Thursday, May 28, 2009

Sympathy for the Devil


The Master and Margarita by Mikhail Bulgakov

“Who told you there was no such thing as real, true, eternal love? Cut out his lying tongue!”

On a bench in Patriarchs’ Pond Park, two literary types discussing the Christian religion are accosted by a mocking figure. The boorish editor, Berlioz (an incidental figure, and the uncoincidental namesake of the composer of La damnation de Faust) has his death prophesized by the stranger, a prophecy which wastes no time in being realized due to the demonically inevitable conjunction of sunflower oil, a turnstile, and an all-too-punctual streetcar. Thus, another latter-day John the Baptist is beheaded.

With this prologue, The Master and Margarita begins a dual narrative which commences in the midst of Holy Week and reaches its culmination on Easter Sunday. The primary narrative (1920s Moscow) is satiric and brutally funny, while the story within the story, the Master’s retelling of Christ’s Trial and Passion is serious and delicately written. As the primary story unfolds, the identity of the stranger and his retinue (which includes a harlequin figure and a huge black tomcat with a gourmand’s appetite) becomes increasingly apparent, an identity which would be unmistakable even without the various hat-tips to the Faust legend. For the “magician” Woland, time and reality are pliable, lending a surreal quality to the story that is both hilarious and disconcerting (see the - literally - empty suit diligently catching up on its paperwork). The tendency of the narrative is more along the lines of a trickster cycle than a morality play, although the Pontius Pilate storyline is a study in existential dilemma worthy of Dostoyevsky or Kafka.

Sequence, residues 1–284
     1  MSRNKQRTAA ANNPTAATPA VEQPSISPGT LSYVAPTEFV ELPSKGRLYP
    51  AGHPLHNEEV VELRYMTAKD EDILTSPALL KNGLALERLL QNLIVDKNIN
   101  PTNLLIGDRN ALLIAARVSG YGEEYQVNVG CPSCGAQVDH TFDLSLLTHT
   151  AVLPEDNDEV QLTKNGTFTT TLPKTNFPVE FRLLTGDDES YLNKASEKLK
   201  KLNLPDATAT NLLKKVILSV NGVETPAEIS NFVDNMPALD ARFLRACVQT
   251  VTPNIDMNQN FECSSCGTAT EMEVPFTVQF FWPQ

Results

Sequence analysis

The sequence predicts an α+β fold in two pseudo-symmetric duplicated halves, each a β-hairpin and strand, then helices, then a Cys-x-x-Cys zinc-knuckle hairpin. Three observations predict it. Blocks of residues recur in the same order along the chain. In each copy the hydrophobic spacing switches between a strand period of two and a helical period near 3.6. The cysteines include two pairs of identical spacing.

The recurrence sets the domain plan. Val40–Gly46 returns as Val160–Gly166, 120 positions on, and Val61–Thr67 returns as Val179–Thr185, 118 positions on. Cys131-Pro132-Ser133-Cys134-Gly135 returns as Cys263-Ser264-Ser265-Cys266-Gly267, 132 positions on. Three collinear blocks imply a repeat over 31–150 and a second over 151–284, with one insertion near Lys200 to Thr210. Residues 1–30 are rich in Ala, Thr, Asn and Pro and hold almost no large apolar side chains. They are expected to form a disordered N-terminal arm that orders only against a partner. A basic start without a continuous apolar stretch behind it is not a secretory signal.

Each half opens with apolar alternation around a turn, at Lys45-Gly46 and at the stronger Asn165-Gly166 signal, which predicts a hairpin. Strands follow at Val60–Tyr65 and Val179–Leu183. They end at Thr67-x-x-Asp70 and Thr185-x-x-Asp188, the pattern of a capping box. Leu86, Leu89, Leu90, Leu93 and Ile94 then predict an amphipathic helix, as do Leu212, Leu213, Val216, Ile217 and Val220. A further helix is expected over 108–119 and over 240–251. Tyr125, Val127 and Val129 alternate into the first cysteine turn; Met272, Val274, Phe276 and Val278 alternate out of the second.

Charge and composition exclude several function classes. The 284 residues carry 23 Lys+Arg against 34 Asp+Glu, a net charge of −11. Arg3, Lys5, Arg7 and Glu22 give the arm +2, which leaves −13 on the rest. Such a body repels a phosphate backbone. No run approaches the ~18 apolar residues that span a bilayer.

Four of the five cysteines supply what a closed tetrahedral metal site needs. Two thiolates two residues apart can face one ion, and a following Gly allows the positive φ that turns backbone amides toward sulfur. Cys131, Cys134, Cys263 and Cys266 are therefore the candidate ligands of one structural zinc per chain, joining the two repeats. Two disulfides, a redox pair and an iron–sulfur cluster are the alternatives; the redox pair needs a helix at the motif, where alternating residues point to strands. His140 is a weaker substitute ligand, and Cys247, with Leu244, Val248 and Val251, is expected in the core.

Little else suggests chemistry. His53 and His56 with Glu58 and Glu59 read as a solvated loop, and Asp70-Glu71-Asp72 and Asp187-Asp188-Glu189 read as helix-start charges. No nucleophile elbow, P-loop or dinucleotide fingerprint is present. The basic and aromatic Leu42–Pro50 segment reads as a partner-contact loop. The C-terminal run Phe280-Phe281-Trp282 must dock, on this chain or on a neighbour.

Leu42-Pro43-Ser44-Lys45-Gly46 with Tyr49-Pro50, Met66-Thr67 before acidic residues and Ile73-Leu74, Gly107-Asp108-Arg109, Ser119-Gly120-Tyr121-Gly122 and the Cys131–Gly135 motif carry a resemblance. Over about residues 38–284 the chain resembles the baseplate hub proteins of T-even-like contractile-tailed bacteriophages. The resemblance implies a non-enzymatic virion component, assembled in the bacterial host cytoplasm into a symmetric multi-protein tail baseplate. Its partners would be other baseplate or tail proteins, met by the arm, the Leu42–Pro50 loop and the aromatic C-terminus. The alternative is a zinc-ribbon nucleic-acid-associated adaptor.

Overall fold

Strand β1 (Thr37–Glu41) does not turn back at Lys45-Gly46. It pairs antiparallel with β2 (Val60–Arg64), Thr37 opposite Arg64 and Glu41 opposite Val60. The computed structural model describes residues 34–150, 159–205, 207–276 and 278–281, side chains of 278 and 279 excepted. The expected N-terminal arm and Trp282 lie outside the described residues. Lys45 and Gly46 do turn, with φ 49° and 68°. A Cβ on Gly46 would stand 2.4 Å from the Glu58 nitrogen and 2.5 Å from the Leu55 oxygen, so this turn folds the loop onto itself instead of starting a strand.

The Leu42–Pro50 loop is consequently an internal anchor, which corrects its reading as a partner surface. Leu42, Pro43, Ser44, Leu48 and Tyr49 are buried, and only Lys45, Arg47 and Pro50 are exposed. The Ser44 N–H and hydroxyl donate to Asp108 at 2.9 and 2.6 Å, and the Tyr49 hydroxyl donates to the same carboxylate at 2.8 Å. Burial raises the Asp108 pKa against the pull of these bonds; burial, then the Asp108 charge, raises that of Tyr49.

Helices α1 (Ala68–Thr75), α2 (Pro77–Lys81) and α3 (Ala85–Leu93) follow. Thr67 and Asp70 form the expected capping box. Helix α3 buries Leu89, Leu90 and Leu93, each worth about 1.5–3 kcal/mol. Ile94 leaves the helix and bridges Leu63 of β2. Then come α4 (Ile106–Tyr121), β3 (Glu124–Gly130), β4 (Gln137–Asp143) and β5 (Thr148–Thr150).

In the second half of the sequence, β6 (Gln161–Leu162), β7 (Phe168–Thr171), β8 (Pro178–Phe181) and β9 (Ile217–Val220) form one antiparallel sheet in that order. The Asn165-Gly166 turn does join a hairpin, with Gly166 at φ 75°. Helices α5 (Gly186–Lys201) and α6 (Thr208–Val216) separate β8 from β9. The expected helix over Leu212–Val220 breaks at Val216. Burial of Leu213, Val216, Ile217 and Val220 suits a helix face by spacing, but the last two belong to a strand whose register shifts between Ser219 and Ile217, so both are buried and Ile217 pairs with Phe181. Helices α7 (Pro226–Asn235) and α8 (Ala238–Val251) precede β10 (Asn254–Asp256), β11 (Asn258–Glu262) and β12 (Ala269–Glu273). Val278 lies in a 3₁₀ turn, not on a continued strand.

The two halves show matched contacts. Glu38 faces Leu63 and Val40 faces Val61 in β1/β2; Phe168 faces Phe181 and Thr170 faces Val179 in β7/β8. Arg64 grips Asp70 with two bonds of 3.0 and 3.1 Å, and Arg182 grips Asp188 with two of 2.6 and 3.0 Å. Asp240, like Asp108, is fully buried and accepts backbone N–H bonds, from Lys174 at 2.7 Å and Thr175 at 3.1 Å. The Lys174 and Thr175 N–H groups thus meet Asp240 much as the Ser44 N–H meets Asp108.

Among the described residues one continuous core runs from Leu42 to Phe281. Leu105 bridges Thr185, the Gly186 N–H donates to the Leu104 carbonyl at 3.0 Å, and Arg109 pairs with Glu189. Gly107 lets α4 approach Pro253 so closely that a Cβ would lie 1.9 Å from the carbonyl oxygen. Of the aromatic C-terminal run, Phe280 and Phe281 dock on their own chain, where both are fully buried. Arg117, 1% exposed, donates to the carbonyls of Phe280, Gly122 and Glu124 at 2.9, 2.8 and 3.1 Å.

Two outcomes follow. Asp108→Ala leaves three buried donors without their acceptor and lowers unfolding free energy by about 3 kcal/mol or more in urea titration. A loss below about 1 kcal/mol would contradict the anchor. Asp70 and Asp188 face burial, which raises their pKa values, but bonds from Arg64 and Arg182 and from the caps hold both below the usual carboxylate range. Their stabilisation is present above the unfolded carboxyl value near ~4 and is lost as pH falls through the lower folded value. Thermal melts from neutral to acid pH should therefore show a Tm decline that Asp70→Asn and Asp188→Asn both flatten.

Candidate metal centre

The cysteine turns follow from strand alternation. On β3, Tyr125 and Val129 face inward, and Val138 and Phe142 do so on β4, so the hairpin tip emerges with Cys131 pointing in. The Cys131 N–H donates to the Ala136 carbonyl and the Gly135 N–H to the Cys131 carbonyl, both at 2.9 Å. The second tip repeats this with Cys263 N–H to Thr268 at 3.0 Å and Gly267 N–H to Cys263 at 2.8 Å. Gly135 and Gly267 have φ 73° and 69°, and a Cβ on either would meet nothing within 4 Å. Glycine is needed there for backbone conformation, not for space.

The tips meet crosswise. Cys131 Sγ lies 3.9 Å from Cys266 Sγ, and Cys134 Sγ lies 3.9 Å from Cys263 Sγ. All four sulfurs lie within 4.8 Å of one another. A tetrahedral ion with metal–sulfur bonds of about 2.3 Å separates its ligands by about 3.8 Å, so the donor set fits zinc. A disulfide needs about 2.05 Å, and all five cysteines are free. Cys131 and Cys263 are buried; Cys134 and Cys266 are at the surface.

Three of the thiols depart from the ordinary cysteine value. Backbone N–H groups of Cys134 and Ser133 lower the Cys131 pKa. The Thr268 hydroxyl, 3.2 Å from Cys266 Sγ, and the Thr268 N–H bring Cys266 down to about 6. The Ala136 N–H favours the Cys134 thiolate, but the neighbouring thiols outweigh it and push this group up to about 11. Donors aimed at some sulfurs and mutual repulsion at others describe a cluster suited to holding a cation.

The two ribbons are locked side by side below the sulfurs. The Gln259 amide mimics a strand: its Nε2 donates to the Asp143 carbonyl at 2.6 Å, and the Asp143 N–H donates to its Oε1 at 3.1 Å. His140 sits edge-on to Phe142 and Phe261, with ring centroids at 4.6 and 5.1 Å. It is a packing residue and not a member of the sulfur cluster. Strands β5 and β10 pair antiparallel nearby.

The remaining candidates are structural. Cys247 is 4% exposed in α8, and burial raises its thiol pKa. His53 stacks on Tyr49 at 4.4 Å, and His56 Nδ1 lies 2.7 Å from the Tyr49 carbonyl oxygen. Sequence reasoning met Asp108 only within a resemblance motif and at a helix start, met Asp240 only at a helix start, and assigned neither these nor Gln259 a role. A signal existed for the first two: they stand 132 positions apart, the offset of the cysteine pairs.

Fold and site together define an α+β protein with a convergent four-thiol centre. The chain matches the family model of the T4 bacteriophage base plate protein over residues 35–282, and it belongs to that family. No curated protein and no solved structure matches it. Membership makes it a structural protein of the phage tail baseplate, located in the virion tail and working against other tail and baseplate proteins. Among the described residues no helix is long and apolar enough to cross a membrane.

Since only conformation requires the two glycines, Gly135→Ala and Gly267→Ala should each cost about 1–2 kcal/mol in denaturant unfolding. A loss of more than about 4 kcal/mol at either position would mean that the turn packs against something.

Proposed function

The prohibitions and paranoia of Soviet Russia (“Never Speak to Strangers” is one chapter title) are slyly satirized to the degree that Bulgakov’s novel was suppressed for decades before its first publication in 1966/67. The paranoia, the empty suits, the xenophobia, and the use of the asylum as a means of control are some of Bulgakov’s touchstones, yet even in Stalinist Russia, he managed to tell a tale of love and final redemption, courtesy of that scapegoat of humanity who is “Part of that Power which eternally wills evil and eternally works good.”

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